When I lived in New Zealand, I had a neighbour with three daughters. One day, this recent widow intrepidly climbed up onto the roof to try to fix a leaking tile. She fell off onto her head, and from then on lived in an institution, with the eldest daughter Fiona, bringing up the other two girls. They used to bemoan that they would never be married now, saying that in New Zealand men only marry girls that are rich. Not entirely true I'm sure, but true enough everywhere, viz Jane Austen for the reverse. When the mother came for weekend visits, she looked the same, however it was as if her head was an egg, which unlike Humpty Dumpty's, the shell remained unbroken but the insides were scrambled. She used to try to find things that weren't there and ask about "her area".
Still not quite habituated to this routine of living out of a studio and a suitcase with hygienic facilities at a distance, I keep forgetting where I've put things. Today it happened, coming out of my hot shower I realized that the towel was back in the studio across the public, unheated corridor. That's when I thought of that brave New Zealand widow: In my case, same on the outside, but very stupid inside. But hey, for a few years when I was a child, we lived on a farm in Canada with the outhouse some distance away and a pump for the well outside the kitchen door. And that was high snow to get through.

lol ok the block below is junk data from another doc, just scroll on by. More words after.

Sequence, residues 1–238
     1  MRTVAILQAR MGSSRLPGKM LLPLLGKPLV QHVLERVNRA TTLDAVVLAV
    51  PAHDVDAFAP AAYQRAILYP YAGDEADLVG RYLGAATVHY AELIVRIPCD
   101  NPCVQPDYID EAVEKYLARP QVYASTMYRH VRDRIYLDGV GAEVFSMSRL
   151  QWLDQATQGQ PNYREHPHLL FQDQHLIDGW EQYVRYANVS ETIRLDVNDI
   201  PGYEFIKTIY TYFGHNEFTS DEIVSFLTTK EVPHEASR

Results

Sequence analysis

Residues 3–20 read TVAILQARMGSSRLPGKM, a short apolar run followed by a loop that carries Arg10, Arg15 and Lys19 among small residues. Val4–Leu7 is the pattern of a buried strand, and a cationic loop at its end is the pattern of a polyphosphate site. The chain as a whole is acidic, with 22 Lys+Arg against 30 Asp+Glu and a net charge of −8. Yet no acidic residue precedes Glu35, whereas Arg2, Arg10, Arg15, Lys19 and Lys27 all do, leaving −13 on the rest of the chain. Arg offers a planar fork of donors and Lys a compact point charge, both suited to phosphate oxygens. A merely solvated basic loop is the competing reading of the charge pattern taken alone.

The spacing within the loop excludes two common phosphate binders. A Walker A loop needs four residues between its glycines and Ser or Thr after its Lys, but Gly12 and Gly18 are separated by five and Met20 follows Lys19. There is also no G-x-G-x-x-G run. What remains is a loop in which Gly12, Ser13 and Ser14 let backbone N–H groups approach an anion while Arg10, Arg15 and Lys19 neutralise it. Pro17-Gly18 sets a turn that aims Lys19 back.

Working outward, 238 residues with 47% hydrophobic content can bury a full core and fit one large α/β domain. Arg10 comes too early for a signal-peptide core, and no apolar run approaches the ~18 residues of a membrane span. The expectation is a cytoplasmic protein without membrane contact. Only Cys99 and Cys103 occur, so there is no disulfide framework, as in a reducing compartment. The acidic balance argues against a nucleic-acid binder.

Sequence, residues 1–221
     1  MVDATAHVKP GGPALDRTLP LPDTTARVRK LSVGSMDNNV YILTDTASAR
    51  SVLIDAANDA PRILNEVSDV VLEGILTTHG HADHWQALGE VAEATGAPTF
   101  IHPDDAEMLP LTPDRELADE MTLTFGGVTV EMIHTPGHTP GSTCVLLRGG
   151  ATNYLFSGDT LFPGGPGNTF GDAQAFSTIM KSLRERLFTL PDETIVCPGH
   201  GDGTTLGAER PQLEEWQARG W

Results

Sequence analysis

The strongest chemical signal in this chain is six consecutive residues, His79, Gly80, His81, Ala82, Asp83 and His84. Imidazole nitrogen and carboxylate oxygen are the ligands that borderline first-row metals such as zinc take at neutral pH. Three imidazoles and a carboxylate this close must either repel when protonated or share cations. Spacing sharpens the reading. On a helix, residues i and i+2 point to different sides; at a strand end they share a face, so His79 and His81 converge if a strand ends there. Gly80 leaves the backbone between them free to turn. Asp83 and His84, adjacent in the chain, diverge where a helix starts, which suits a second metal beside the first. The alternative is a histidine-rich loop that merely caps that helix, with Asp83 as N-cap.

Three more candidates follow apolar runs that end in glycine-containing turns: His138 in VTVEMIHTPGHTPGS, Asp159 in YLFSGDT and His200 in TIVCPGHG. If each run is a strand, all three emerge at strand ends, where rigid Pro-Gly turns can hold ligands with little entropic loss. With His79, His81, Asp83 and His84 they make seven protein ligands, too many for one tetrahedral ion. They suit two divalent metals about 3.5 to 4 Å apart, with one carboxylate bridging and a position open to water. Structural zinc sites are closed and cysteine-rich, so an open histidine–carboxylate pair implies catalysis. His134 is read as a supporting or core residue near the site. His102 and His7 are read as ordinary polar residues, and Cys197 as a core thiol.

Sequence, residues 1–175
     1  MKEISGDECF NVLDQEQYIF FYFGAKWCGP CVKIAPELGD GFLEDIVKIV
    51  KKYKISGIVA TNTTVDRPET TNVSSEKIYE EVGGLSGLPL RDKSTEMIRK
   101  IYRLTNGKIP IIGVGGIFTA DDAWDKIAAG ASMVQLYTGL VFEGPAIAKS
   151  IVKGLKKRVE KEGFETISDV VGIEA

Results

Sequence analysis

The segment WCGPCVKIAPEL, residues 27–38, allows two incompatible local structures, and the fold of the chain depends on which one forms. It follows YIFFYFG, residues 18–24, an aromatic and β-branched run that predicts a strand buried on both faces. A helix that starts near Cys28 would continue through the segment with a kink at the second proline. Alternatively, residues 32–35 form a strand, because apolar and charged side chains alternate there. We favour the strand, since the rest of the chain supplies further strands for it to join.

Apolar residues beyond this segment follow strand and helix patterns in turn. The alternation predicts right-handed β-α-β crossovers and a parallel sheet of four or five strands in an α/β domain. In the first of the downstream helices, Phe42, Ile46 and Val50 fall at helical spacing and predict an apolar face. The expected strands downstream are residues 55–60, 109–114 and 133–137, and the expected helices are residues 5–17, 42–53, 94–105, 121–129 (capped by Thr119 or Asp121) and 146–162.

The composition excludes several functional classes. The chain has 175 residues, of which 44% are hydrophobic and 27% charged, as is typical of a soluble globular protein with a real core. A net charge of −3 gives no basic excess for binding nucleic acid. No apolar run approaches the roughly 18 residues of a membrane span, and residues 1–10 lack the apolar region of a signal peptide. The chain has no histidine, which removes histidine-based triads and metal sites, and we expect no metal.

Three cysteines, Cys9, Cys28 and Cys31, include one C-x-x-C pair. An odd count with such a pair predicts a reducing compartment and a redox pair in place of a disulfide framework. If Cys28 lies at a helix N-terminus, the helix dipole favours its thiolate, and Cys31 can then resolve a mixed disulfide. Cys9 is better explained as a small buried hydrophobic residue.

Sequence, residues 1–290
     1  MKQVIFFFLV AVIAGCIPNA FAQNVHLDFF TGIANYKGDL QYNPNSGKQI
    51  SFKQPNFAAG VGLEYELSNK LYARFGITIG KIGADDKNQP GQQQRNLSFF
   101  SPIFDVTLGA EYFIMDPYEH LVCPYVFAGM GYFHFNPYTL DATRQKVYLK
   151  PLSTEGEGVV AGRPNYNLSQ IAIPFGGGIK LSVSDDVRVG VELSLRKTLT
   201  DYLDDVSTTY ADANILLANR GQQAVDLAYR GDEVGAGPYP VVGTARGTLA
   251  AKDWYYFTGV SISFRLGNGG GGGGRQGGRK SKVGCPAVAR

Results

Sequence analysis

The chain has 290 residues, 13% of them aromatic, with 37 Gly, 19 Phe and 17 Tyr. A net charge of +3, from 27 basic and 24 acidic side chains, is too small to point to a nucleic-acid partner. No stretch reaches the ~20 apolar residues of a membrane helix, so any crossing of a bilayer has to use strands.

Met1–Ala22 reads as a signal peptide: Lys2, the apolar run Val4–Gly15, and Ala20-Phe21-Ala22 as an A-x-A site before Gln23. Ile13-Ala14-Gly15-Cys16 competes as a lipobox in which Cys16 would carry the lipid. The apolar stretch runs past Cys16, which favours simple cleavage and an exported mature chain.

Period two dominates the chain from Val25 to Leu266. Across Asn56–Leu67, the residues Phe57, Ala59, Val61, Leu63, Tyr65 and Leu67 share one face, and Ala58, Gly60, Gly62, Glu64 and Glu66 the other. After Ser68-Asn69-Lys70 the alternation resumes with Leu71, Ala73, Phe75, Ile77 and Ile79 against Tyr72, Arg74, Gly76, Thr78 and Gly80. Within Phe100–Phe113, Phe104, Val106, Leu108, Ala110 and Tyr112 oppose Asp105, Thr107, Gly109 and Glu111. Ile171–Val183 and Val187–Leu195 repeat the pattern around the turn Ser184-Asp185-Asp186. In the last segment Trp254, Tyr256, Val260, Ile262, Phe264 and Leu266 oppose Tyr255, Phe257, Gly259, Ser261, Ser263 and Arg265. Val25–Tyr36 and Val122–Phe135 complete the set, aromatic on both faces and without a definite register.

Sitting in the long large cement floored white walled studio, I contemplate its emptiness. One of the double glazed windows has flaws so that if I nod my head, the straight red line of the flat roof opposite goes into a wave and then disappears. This occupies me for quite awhile. A mirror has been brought for me to hang in the kitchen living part. I am amazed at the difference it makes to reaffirm my sense of self. Now I see that it wasn't only the inability to pay for a model that prompted all those self-portraits. I am beginning to settle in.